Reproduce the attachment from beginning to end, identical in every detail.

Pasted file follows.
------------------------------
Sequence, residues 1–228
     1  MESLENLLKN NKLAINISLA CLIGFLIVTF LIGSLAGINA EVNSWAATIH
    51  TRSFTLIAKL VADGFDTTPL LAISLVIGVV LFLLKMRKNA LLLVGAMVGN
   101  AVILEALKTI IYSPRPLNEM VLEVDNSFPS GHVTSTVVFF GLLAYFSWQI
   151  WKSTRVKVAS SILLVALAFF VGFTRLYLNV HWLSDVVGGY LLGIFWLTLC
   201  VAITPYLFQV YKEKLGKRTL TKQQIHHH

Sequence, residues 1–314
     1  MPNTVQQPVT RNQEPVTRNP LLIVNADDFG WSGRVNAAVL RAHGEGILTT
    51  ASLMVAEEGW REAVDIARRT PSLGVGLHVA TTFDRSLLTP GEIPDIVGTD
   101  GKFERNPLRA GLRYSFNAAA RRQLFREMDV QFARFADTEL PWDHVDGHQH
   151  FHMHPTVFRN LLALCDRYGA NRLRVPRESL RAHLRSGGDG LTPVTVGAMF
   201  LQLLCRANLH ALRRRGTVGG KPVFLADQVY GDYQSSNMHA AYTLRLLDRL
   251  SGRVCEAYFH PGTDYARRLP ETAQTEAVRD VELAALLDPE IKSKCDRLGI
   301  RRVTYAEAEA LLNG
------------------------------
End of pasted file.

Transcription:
Sequence, residues 1–228
     1  MESLENLLKN NKLAINISLA CLIGFLIVTF LIGSLAGINA EVNSWAATIH
    51  TRSFTLIAKL VADGFDTTPL LAISLVIGVV LFLLKMRKNA LLLVGAMVGN
   101  AVILEALKTI IYSPRPLNEM VLEVDNSFPS GHVTSTVVFF GLLAYFSWQI
   151  WKSTRVKVAS SILLVALAFF VGFTRLYLNV HWLSDVVGGY LLGIFWLTLC
   201  VAITPYLFQV YKEKLGKRTL TKQQIHHH

Sequence, residues 1–314
     1  MPNTVQQPVT RNQEPVTRNP LLIVNADDFG WSGRVNAAVL RAHGEGILTT
    51  ASLMVAEEGW REAVDIARRT PSLGVGLHVA TTFDRSLLTP GEIPDIVGTD
   101  GKFERNPLRA GLRYSFNAAA RRQLFREMDV QFARFADTEL PWDHVDGHQH
   151  FHMHPTVFRN LLALCDRYGA NRLRVPRESL RAHLRSGGDG LTPVTVGAMF
   201  LQLLCRANLH ALRRRGTVGG KPVFLADQVY GDYQSSNMHA AYTLRLLDRL
   251  SGRVCEAYFH PGTDYARRLP ETAQTEAVRD VELAALLDPE IKSKCDRLGI
   301  RRVTYAEAEA LLNG